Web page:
We’re just weeks away from seeing Edgar Rice Burroughs’ jungle hero Tarzan being brought to life on the big screen in David Yates’ The Legend of Tarzan, and while previous trailers have made it clear just how much action we can expect, Yates appears to have also added a healthy dose of truth and two formidable historical characters into this adaptation.
While star Alexander Skarsgard is sure to enjoy plenty of vine-swinging action as the mighty Lord of the apes, it’s his mission in the jungles of the Congo that draws out the historical implications of the film. Set during the height of the Belgian occupation of the Free Congo State, Skarsgard’s Clayton will find an ally in real-life Civil War veteran and African American historian George Washington Williams, played by the legendary Samuel L. Jackson.
Williams’ involvement in the plot is crucial to the story. Following the American Civil War, he travelled to the Congo and was witness to the atrocities inflicted upon the natives by the Belgian contingent on orders from King Leopold II. Leopold had invaded the Congo region in an effort to exploit the lucrative ivory and rubber trades that were established there, and he was not above using terror to get what he wanted. In 1890, Williams took steps to address these atrocities publically to both the king and the international community in a damning letter and legal case, where he called for an investigation to be carried out.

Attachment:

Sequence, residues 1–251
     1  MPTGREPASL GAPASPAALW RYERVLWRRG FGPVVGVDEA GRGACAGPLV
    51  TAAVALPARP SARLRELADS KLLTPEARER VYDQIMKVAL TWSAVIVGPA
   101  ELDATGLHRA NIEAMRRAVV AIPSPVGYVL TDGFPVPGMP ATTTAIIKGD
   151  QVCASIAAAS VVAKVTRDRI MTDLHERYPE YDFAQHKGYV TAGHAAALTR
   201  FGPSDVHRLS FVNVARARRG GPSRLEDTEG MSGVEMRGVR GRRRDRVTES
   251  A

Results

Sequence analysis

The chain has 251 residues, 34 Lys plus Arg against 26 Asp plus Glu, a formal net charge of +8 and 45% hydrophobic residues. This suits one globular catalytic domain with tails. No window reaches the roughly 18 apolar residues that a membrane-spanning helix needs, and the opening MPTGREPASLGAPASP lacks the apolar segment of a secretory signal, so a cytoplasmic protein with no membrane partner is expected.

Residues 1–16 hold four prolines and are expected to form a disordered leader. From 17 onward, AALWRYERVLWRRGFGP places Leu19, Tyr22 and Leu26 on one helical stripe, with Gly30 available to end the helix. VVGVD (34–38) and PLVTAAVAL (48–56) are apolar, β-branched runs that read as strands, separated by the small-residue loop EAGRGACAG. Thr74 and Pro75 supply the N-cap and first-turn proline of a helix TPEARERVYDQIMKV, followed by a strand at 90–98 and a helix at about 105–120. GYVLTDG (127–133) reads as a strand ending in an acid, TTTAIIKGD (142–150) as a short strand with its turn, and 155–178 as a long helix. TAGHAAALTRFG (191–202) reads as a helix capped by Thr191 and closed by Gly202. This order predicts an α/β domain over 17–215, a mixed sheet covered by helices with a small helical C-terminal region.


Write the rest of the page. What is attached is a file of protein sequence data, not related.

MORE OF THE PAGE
Williams’ real-life journey will provide the backdrop for The Legend of Tarzan, where he teams up with the fictional hero to bring down the Belgian contingent and save Jane. In the trailers released so far, Samuel L. Jackson’s Williams is shown as a dynamic man of action, who will do whatever is necessary to restore justice.
The film has been given another historical touch in the form of Christoph Waltz’s chief antagonist Captain Leon Rom. This debonair but twisted villain has the cadence of a big game hunter, and appears to bear some kind of personal vendetta against Tarzan. Waltz’s portrayal appears to be in keeping with his real-life counterpart, who was a sadistic Belgian soldier appointed to annex the Congo State. He personally enslaved many Congolese into forced labour camps, and showed no mercy to those who fought back. His villainy was so well known that he even inspired famed author Joseph Conrad’s infamous Colonel Kurtz in a Heart of Darkness. Waltz has long had a skill for villainy, and he should prove to be a worthy adversary for both Tarzan and Williams.
The Legend of Tarzan will be released in theatres on June 30 in New Zealand and Australia and on July 1 in the US and UK.
Image source: Roadshow Films.